And the Winner Is…Boxing

By Robert Ecksel on September 3, 2013
And the Winner Is…Boxing
Advocates of the sweet science, suffering without Showtime, can let out a sigh of relief.


The bloody feud between CBS and Time Warner has been resolved—and just in time. A week before the kickoff of the regular NFL season, the two media giants settled their differences and pigskin partisans can let out a sigh of relief.

Advocates of the fight game, who have been suffering without Showtime, also can exhale. They may have missed some great fights in August, but with the settlement, they won’t have to miss more fights or any of their favorite shows.

The blackout began on August 3 and had more than three-million viewers up in arms. They weren’t eager to pay the additional $2 a month that CBS was demanding from Time Warner’s customers, especially when it was initially supposed to cost between 50 and 75 cents. But considering the role TV plays in most people’s lives, when it isn’t in effect their raison d’être, what’s a couple of bucks in the greater scheme of things?

Time Warner Cable Chairman and CEO Glenn Britt expressed appreciation for viewers’ “patience and loyalty,” without actually thanking them for footing the bill.

“As in all of our negotiations, we wanted to hold down costs and retain our ability to deliver a great video experience for our customers,” he said. “While we certainly didn’t get everything we wanted, ultimately, we ended up in a much better place than when we started.”

He didn’t get into specifics.

CBS CEO Leslie Moonves, in a memo to employees, was no less vague. “This was a far more protracted dispute than anyone at CBS anticipated,” he said, “but in spite of the pain it caused to all of us, and, most importantly, the inconvenience to our viewers who were affected, it was an important one, and one worth pursuing to a satisfactory conclusion.”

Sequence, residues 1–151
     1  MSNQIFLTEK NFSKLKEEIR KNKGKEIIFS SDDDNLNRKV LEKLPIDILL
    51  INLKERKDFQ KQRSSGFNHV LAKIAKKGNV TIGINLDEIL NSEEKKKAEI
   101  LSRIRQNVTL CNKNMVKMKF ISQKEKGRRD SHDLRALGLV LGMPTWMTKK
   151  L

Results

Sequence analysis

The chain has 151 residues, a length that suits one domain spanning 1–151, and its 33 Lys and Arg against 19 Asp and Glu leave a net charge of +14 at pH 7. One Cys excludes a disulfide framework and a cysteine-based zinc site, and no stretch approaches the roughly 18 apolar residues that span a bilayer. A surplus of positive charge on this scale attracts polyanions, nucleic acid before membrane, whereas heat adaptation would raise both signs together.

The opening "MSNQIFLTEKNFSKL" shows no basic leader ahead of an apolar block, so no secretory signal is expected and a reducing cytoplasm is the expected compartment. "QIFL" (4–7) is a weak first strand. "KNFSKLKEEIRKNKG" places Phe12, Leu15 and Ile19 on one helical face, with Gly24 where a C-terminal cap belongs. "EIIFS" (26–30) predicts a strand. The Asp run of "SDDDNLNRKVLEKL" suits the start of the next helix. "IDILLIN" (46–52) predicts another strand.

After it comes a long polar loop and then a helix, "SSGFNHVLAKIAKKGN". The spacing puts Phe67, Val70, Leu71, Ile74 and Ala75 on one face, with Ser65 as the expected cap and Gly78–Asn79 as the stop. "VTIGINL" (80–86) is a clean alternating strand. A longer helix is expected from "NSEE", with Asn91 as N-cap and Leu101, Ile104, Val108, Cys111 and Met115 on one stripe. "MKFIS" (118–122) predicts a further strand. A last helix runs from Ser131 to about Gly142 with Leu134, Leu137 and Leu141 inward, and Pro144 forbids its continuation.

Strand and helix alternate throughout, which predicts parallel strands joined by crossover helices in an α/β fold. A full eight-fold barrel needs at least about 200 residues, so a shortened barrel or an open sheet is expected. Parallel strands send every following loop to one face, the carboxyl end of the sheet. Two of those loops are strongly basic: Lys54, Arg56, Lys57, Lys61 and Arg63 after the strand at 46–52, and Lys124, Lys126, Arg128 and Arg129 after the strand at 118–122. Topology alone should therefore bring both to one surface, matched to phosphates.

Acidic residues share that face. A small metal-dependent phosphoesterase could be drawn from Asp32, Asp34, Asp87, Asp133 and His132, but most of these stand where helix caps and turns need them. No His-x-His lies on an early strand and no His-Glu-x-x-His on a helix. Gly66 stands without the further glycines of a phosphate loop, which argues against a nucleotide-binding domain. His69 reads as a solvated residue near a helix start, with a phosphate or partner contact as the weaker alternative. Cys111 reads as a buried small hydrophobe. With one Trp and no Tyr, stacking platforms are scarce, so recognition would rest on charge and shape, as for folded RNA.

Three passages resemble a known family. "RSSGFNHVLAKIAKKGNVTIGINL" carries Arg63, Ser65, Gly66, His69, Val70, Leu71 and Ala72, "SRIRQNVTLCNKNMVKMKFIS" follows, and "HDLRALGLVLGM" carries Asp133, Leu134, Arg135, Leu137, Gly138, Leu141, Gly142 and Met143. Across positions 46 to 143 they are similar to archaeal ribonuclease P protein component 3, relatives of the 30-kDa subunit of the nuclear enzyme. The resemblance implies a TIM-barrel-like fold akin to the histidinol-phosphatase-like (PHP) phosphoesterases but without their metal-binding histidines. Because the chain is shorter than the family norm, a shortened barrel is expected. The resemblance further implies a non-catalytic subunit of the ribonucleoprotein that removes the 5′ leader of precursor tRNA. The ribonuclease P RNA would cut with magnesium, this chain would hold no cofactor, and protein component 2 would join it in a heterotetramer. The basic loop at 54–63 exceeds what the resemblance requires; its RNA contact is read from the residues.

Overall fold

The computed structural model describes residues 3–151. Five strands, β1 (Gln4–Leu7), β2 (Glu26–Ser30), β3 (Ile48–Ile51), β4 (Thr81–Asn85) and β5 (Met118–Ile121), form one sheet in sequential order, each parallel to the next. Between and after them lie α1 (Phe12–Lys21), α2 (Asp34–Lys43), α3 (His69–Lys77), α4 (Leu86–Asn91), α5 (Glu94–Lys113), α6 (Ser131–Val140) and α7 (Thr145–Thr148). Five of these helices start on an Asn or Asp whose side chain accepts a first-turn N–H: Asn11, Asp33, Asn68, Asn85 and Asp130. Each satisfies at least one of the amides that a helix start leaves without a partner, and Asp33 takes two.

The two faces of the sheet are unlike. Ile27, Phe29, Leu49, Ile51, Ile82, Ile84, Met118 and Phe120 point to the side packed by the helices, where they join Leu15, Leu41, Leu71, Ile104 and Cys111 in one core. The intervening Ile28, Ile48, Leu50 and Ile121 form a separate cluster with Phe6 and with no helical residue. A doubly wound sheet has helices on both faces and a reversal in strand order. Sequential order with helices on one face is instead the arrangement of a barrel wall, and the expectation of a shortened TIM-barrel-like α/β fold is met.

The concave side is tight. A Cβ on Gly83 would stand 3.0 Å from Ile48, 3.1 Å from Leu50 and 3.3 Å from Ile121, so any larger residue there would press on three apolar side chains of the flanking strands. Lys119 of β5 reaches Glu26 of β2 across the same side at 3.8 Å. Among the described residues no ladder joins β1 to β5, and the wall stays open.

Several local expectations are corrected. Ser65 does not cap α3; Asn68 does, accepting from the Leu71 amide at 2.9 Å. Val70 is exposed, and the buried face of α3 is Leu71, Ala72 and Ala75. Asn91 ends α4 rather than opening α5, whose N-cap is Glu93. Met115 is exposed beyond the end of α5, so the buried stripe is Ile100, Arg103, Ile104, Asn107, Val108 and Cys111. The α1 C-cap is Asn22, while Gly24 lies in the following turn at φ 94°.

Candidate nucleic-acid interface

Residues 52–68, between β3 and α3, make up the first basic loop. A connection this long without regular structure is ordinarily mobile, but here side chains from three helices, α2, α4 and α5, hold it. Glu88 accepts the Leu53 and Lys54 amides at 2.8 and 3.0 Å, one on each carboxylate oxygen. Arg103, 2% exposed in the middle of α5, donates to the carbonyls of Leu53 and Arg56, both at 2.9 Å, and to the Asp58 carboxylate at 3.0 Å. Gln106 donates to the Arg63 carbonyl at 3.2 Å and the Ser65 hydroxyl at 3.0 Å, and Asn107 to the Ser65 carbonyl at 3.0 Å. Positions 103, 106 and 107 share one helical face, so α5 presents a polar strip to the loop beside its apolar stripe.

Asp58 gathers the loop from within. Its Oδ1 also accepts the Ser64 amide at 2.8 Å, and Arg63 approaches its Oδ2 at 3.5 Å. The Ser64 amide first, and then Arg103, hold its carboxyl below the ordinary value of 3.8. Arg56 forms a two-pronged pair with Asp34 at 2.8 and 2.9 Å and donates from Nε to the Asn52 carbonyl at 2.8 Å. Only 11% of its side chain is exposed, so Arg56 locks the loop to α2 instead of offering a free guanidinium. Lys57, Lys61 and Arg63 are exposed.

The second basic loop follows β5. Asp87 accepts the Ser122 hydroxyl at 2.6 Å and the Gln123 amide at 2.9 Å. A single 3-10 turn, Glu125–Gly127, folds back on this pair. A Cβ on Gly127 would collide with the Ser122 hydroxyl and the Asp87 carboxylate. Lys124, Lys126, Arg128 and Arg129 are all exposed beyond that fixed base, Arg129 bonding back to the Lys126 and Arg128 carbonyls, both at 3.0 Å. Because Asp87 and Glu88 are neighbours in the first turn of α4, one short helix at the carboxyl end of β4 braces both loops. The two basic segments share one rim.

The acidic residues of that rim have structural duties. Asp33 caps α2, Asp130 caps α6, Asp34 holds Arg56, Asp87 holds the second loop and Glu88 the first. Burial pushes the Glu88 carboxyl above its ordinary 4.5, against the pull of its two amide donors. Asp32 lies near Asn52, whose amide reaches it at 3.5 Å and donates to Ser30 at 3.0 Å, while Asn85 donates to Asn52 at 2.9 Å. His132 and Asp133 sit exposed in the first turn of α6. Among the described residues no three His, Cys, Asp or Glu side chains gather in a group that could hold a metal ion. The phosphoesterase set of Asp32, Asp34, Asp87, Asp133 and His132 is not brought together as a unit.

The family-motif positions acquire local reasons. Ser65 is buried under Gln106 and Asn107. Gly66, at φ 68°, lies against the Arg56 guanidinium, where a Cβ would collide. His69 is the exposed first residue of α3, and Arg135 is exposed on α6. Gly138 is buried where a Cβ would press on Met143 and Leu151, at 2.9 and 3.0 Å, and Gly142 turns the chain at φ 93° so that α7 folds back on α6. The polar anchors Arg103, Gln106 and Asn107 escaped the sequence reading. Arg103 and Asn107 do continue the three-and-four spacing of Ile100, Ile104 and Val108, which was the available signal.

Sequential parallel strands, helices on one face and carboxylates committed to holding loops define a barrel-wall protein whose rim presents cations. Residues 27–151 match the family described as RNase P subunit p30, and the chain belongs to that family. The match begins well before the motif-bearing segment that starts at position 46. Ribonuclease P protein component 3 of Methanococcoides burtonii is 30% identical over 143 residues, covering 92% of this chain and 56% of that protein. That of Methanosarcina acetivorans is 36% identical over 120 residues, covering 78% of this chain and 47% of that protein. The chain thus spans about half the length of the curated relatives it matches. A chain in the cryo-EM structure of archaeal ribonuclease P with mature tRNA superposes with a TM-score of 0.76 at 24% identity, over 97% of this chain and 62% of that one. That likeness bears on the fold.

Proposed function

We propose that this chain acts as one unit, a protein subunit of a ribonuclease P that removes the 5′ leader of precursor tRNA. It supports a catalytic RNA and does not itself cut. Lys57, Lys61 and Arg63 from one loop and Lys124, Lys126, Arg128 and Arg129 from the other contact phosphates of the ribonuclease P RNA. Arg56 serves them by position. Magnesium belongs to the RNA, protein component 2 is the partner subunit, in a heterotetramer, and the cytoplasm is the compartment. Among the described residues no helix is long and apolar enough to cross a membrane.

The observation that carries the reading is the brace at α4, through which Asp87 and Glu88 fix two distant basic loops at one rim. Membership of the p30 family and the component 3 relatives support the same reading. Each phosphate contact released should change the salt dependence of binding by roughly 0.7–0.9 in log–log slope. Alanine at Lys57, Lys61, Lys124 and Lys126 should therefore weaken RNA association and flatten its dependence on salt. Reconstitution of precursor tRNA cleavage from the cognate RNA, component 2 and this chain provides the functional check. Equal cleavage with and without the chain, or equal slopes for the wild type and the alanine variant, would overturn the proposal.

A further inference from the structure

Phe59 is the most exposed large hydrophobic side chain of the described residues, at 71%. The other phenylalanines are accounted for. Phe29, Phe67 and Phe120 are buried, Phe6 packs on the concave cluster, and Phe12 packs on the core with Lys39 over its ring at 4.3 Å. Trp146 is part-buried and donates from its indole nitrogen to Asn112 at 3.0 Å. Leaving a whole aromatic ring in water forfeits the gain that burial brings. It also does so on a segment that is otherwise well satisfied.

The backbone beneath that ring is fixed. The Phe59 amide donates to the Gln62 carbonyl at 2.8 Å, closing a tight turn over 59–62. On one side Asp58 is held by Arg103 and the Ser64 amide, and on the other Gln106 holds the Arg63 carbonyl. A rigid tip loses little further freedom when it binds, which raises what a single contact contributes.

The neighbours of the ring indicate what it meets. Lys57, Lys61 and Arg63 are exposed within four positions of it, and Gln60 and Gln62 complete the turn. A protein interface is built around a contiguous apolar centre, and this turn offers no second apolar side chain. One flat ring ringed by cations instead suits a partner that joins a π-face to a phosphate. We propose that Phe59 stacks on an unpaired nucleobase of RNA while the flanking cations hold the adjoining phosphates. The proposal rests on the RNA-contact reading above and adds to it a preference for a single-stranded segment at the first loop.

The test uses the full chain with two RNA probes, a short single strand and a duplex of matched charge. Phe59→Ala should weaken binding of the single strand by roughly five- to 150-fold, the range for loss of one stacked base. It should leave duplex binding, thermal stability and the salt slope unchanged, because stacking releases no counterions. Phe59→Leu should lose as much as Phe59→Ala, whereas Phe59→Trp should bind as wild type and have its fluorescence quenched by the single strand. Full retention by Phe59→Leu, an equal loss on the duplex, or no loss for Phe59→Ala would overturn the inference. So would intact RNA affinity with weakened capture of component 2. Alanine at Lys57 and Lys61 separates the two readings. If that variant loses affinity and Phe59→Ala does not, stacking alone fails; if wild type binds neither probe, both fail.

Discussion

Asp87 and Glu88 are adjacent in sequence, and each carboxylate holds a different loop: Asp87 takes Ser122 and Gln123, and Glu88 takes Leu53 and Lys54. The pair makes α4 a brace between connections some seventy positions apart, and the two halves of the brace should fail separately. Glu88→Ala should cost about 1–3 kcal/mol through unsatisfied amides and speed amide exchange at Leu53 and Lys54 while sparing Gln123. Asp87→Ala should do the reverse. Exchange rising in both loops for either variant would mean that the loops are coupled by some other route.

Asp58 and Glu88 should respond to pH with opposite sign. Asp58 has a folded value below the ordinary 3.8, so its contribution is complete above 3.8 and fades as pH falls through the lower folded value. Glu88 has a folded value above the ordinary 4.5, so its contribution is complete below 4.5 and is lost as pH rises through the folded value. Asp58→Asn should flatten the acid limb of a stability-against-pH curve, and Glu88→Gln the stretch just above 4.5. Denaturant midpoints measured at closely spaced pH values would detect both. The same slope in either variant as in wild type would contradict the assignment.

Moonves said CBS will be “receiving fair compensation” for its content, which is good to know.

One of the major bones of contention between CBS and Time Warner was who would control programming over the Internet.

That bone has not yet been picked over completely.

Follow us on Twitter@boxing_com to continue the discussion

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  1. Robert Ecksel 05:25am, 09/04/2013

    Not joking at all. I gather he’s a college football player. But I had no interest in college football even when I was college, and now that I’m all growed up even less so.

  2. Ted 05:05am, 09/04/2013

    Texas A&M vs. Alabama will be one of the biggest events in recent sports history. No way would the stations miss that one.


    I trust you are joking about Manziel.?

  3. Robert Ecksel 08:17pm, 09/03/2013

    Never heard of Johnny Manziel. And isn’t Deontay Wilder from Alabama?

  4. Ted 06:04pm, 09/03/2013

    The need to see Johnny Manziel might have something to do with this as well. The Alabama game is coming up pretty soon.

    PPV would not have been impacted, but football would have been. Not to mention Dexter and Ray Donovan.

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